contaminated water to the surface for treatment . Both the pilot study at the Aerojet site, and this research are parts of an ESTCP-funded 7 project to...contaminated water (Urbansky, 2002). Filtering technologies such as reverse osmosis or nanofiltration are able to remove perchlorate by forcing the...complexity and cost to projects (GWRTAC, 2001). 2.5.2 DESTRUCTION In a review of perchlorate treatment projects, the Ground- Water Remediation Technologies

  11. Isotopic tracing of perchlorate in the environment

    Science.gov (United States)

    Sturchio, Neil C.; Böhlke, John Karl; Gu, Baohua; Hatzinger, Paul B.; Jackson, W. Andrew; Baskaran, Mark

    2012-01-01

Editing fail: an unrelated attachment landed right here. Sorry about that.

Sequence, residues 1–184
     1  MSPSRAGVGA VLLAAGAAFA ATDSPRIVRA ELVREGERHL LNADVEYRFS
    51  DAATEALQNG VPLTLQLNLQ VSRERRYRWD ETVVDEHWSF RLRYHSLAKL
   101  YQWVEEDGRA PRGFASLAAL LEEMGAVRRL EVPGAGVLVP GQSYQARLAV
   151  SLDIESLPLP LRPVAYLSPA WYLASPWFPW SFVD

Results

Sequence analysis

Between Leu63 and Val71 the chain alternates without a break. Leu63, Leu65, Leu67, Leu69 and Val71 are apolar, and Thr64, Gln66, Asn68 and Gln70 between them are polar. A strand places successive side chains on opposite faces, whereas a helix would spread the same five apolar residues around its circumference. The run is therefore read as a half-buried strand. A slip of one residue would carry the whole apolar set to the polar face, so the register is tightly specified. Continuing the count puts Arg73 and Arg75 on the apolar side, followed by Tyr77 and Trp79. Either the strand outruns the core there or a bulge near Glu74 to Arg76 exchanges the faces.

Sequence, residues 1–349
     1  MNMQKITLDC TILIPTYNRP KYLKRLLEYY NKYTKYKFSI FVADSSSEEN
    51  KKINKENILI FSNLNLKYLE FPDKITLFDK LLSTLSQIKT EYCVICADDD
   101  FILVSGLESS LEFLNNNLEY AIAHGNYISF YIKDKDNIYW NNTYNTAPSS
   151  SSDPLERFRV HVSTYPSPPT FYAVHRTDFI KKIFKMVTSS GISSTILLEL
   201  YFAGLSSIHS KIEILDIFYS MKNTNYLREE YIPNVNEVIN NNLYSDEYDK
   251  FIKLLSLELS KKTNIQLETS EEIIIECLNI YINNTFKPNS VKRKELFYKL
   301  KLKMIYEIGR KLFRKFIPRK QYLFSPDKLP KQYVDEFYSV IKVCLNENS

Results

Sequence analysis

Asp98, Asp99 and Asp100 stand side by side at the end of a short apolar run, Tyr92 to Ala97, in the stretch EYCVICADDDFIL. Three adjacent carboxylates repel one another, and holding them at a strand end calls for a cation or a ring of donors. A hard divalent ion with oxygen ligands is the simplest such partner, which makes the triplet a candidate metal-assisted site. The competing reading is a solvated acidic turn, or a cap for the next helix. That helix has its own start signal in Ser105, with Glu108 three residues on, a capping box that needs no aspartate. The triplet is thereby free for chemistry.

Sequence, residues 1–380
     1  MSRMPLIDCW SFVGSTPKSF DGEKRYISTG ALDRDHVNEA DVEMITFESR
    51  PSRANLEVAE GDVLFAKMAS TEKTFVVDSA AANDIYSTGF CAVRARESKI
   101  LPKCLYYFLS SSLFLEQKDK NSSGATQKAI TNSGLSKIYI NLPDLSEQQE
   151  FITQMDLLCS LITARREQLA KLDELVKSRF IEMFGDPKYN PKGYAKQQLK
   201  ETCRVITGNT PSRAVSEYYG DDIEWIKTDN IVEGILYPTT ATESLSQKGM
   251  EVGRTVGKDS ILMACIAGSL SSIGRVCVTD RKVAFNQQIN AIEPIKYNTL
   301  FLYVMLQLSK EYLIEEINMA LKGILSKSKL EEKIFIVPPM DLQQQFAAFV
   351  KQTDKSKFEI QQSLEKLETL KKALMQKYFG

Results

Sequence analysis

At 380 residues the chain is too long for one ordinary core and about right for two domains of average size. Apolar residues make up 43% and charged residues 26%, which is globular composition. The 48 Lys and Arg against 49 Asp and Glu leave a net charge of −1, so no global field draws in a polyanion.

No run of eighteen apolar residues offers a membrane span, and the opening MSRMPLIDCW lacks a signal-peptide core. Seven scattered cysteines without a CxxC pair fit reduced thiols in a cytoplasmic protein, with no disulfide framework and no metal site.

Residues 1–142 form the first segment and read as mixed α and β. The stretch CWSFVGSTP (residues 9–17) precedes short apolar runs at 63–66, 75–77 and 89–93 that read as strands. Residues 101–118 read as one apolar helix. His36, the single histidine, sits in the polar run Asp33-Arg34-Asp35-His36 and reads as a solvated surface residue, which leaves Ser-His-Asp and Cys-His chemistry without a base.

Isotopic measurements can be used for tracing the sources and behavior of environmental contaminants. Perchlorate (ClO 4 − ) has been detected widely in groundwater, soils, fertilizers, plants, milk, and human urine since 1997, when improved analytical methods for analyzing ClO 4 −concentration became available for routine use. Perchlorate ingestion poses a risk to human health because of its interference with thyroidal hormone production. Consequently, methods for isotopic analysis of ClO 4 − have been developed and applied to assist evaluation of the origin and migration of this common contaminant. Isotopic data are now available for stable isotopes of oxygen and chlorine, as well as 36Cl isotopic abundances, in ClO 4 − samples from a variety of natural and synthetic sources. These isotopic data provide a basis for distinguishing sources of ClO 4 − found in the environment, and for understanding the origin of natural ClO 4 − . In addition, the isotope effects of microbial ClO 4 − reduction have been measured in laboratory and field experiments, providing a tool for assessing ClO 4 − attenuation in the environment. Isotopic data have been used successfully in some areas for identifying major sources of ClO 4 − contamination in drinking water supplies. Questions about the origin and global biogeochemical cycle of natural ClO 4 − remain to be addressed; such work would benefit from the development of methods for preparation and isotopic analysis of ClO 4 − in samples with low concentrations and complex matrices.